I have always had a fascination about learning languages. This lead me to become a polyglot and to travel the world. I look to connect with language lovers everywhere!
Several months back I wrote a blog post about how I use Google Reader to help me get my comprehensive input on language learning and upkeep. Well, now we have shocking news that Google Reader is done for on July 1st, 2013, of this year. For all of you who might have taken my advice on this (and those who might have discovered for yourselves the usefulness of Google Reader) I just want to let you know what I’m doing with it…
I have had Feedly pretty much since they opened for business, but because I don’t like the way they keep my folders I also took a subscription to NewsBlur. One other thing that I really, really like about NewsBlur is that I can have the entire story on my computer, iPhone, iPad and Samsung Galaxy.
Now I can access all of the newsfeeds I have in one app. I can read the news items in foreign languages, the foreign languages blogs and blogs about languages in general, pretty much anywhere I go at all.
Let me know your experience with using readers for language acquisition. I’m always interested!
Near to my home is a Lebanese restaurant called Nadimos. The waiters and waitresses there all look to be Indian and as I speak a few words of Hindi one day I tried it out on a waitress, who looked at me like I was a bit insane. I switched back to English explaining that my Hindi was bad. (I know that Indians don’t all speak Hindi, but most Indians, especially northern Indians, do speak some - and these people resembled northern Indians more than anything else.) The young lady informed me that she wasn’t Indian. In fact none of the waiters and waitresses there are Indian. They are Nepali.
Some weeks later the same waitress waited my table. I asked her how things were in Nepal to which she informed me that she hadn’t any clue. She was from Myanmar, as were all of the others there working with her!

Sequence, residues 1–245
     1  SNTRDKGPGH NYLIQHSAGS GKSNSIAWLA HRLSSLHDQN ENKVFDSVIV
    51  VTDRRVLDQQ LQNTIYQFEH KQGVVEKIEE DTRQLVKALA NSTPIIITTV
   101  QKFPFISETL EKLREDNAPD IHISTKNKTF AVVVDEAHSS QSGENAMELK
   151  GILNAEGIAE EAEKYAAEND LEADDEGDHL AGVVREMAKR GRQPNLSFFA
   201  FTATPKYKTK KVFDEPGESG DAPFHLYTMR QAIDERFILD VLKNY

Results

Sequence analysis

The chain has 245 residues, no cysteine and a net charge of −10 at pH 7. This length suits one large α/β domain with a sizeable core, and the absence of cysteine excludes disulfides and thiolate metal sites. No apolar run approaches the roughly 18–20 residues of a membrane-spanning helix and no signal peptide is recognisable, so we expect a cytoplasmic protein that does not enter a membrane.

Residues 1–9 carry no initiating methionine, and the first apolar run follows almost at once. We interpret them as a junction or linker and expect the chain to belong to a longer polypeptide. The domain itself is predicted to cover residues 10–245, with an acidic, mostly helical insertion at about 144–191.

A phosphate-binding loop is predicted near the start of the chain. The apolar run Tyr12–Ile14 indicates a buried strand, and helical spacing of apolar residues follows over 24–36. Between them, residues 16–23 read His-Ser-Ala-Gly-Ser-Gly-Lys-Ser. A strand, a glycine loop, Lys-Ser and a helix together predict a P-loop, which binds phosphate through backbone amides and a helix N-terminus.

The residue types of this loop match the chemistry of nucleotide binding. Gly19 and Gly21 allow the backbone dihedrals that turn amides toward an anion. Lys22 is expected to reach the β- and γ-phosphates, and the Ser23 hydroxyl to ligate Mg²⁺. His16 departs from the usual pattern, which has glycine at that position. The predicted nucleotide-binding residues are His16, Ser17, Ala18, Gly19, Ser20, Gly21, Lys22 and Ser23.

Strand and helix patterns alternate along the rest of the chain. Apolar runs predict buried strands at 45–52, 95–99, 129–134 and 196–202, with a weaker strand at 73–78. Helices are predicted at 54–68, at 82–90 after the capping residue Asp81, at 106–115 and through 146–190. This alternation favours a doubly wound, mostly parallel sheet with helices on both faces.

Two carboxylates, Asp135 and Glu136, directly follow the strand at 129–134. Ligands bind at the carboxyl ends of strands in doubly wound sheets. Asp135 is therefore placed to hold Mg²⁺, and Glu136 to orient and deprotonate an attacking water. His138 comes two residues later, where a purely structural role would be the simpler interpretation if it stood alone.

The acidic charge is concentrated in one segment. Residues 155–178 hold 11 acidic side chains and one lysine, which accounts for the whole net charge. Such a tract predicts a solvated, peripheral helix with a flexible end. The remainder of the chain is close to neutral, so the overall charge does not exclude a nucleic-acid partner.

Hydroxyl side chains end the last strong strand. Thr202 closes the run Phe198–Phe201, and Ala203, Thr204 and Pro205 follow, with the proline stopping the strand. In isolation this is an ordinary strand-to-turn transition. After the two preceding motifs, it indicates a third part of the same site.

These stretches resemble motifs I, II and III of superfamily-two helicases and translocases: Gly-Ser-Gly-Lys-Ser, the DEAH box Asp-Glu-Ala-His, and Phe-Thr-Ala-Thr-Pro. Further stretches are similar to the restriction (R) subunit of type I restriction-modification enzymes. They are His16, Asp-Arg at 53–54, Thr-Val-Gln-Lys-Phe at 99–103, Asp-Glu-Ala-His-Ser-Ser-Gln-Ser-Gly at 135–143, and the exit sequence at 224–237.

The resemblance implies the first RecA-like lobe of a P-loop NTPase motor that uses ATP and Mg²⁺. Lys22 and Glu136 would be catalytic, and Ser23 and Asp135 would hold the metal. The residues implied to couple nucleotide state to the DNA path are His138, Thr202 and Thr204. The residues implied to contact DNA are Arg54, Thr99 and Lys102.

Yes, all from Mandalay. Apparently there is a fairly large amount of Nepali who live in Myanmar. None of the Nepali crew were from Nepal. In fact, this girl reckoned none had even ever been to Nepal. They were born and raised in Myanmar (Burma at the time).
So I judged a book by the cover twice and was wrong. But guess what? If I never tried Hindi with her in the first place I’d know nothing about the Nepali community in Mandalay. So in the end I win.
There are no stupid questions. And if you use your language you’ve learned you will eventually and ultimately gain from it!
Most of the voices on Google Translate only have female voices. What gives? Why not allow the user to choose? And why does Russian have two languages?
Can anyone fill me in on this? I’d be really happy to know!
One tool that I use that greatly enhances my language learning is Google Reader. Google Reader? Yes, Google Reader!
The premise is easy enough. You can use an RSS reader to get a steady stream of comprehensible input from the internet and if you have a smart phone and / or computer tablet such as an iPad, you can study languages at any time, anywhere. And this is not only easy but it is also free. You don’t have to spend a dime if you have already a computer and internet connection. But how would you go about it? Where should we start?
Newspapers & Tabloids
If I was a beginner or intermediate level learner of a language I would start with general news outlets and tabloids. Why? Because in most cases the vocabulary would be more familiar because of the subject matter. And if you were up on your news in your mother language you also would be able to make out new words without having to look them up. Another advantage is that news items are almost always shorter reading and written in simpler grammar.
Tabloid stories, or ‘non-news’ as I consider them, tend to be written in more colloquial style and have more of a contemporary form of writing. And it is generally very easy to infer meaning in tabloid articles, which is really good in building up a working knowledge of new words. And tabloids also tend to be loaded with photos so the inference is even more likely to help your to acquire new words. So if tabloids are a guilty pleasure for you, shed the guilt! You aren’t wasting your day on gossip. You are learning your target language using a very efficient source of information.
For absolute beginners you might also look for RSS feeds for images and cartoons if the are available in your target language. These are quite good.
Blogs & Magazine articles